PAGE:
Mayor Sam Felton reported that there are several residents outside the town limits who voluntarily pay the fee, including a couple who recently moved to the area. They had read Felton’s Mayor’s Corner in The Pocahontas Times which reported that 82 percent of the fire and rescue calls are received from outside corporate limits.
Other agenda items included a report from Professor Jesse Richardson, Lead Land Use Attorney at the Land Use and Sustainable Development Law Clinic and Associate Professor of Law at the West Virginia University College of Law.
Richardson met with the newly established Planning Committee prior to Monday night’s meeting to begin work on a Comprehensive Plan for the town. Richardson told council that the clinic has funding to review the town’s ordinance for dilapidated and abandoned buildings. With regard to other work, the clinic will send a retainer agreement to the mayor for approval before moving ahead with its work with the Planning Committee. Richardson also asked council to consider working with the county commission as it pursues a Comprehensive Plan. Working together will be helpful when it comes to grant funding, he said.
Richardson also said there was “zero interest” in making zoning a part of the plan.
“The whole intent going forward,” Felton said, “is that if we want to apply for funding, we need a Comprehensive Plan. That’s what this is all about.”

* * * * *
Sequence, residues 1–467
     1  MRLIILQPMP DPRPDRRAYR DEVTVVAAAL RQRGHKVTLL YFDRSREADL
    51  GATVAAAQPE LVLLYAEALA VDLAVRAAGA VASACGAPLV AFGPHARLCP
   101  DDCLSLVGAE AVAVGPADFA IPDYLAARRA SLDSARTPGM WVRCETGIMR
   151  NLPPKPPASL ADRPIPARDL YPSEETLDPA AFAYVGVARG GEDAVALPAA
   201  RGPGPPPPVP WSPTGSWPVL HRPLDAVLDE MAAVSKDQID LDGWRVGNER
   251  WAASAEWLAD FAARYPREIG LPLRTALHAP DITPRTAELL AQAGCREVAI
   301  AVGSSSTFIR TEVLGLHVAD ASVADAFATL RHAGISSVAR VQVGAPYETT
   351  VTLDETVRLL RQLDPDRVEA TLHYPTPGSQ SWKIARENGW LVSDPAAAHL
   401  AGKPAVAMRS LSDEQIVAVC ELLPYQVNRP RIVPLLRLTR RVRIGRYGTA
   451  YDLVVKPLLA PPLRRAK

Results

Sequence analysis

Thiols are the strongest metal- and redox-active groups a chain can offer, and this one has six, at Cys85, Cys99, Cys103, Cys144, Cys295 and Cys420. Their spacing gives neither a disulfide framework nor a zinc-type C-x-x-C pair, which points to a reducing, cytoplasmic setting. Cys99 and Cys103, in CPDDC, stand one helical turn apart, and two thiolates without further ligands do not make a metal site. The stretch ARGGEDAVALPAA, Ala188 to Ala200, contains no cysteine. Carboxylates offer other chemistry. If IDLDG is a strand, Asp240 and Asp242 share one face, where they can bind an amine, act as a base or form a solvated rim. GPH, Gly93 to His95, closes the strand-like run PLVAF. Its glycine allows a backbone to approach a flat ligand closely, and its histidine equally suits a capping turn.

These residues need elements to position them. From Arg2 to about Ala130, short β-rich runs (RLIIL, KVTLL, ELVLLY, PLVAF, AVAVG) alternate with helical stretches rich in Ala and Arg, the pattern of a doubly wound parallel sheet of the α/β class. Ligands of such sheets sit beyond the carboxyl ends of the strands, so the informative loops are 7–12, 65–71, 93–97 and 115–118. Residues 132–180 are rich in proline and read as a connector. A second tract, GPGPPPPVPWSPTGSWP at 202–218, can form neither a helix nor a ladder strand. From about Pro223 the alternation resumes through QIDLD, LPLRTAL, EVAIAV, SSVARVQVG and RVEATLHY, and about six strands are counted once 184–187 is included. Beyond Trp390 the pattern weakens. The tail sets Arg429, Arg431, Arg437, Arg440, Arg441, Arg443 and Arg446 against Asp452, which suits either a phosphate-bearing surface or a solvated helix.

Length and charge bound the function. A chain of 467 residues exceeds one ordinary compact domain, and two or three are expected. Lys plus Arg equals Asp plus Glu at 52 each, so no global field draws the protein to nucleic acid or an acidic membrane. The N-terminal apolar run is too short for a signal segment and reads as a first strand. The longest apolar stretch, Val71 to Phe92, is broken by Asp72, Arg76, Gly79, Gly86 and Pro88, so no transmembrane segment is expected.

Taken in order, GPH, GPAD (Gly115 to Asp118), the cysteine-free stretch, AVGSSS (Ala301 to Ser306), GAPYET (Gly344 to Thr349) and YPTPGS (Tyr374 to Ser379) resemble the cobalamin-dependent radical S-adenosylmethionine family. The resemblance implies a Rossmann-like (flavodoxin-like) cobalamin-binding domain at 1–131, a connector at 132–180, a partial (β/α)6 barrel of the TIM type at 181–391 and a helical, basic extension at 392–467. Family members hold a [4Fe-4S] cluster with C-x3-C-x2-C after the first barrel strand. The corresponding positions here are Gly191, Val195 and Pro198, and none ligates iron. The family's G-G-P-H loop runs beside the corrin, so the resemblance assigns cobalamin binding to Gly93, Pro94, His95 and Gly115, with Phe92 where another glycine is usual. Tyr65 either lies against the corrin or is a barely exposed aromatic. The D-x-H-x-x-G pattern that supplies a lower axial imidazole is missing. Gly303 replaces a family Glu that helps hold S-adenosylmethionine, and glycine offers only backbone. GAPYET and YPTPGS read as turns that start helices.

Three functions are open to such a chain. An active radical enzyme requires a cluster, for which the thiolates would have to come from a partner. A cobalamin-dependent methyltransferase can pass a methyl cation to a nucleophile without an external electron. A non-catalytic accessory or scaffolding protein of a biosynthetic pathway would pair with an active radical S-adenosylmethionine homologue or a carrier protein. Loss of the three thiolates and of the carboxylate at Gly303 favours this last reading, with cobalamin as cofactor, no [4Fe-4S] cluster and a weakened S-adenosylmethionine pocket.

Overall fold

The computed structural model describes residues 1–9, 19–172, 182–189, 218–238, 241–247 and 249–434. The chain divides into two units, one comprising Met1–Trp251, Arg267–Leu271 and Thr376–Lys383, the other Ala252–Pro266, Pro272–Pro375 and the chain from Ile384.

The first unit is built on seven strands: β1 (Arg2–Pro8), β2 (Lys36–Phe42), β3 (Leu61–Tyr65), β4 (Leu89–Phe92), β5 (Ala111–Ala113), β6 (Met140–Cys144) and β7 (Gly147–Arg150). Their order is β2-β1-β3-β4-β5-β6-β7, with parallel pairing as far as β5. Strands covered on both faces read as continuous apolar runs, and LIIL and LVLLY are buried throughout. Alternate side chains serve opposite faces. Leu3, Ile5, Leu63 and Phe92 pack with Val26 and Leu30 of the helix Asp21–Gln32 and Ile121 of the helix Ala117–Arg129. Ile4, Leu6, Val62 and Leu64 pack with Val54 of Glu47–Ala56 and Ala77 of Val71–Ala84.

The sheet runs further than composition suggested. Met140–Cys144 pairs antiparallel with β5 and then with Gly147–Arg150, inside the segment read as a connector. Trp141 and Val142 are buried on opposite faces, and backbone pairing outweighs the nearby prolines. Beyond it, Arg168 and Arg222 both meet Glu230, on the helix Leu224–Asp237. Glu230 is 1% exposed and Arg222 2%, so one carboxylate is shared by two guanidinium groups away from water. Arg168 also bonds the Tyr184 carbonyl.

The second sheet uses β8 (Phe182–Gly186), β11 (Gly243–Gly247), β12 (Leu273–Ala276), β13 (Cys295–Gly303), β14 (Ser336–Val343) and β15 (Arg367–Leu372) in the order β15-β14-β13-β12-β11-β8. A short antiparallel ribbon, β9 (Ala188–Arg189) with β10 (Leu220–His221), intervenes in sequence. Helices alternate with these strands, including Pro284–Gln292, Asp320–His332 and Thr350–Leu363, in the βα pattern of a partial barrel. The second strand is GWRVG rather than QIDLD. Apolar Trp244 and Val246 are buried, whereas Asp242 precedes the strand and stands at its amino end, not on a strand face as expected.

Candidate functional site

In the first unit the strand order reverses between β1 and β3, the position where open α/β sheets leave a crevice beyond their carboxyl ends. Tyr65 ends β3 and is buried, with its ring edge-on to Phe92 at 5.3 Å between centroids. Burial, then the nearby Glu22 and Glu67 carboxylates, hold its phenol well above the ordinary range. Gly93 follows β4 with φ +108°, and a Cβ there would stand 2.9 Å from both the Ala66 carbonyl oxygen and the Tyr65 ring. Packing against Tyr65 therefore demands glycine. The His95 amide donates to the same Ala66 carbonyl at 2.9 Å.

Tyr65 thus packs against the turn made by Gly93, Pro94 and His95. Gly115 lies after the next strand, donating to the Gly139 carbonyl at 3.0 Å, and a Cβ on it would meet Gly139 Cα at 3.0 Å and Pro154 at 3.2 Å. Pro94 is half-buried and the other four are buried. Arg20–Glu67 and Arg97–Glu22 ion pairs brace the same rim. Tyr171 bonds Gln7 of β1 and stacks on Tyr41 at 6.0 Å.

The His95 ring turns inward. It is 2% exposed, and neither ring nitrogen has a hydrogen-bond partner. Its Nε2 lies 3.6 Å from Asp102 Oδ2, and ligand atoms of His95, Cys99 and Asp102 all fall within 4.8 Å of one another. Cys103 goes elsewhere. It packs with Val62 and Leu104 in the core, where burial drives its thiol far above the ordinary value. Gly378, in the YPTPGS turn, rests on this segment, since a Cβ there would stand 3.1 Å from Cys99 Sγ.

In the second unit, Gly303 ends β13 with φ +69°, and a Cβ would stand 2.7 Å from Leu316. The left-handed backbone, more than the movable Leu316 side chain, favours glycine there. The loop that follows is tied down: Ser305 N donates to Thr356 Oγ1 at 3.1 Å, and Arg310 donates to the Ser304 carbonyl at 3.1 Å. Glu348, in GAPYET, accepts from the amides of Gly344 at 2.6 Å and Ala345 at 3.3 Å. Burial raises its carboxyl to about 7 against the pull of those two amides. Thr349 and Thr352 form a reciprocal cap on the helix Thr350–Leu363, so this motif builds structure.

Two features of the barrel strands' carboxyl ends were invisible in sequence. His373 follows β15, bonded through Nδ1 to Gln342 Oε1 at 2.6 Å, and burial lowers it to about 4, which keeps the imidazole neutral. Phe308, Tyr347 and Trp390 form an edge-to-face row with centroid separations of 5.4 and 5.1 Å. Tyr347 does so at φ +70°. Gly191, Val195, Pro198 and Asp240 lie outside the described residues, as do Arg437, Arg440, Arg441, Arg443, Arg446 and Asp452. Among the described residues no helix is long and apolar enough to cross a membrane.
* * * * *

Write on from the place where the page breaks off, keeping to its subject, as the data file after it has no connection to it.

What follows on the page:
The planning will include input from people who live outside the town limits, as well.
Felton advised council that the DEP had reduced its fines against the town to $40,000, but he feels that the amount is still too much for a small town to pay. Due to these fines, council agreed to forego the Summer Youth Program for this year.
In other business
• The town and fire department will share the expense for the installation of security cameras in the municipal building.
• Stauss reported that he has been in contact with Shentel regarding renewal of its cable contract. The new contract will be limited to five years, rather than the previous 15 year agreement.
• Council approved the town’s Tree Ordinance on third reading.
Council meets the first Monday of each month at 7 p.m. in council chambers.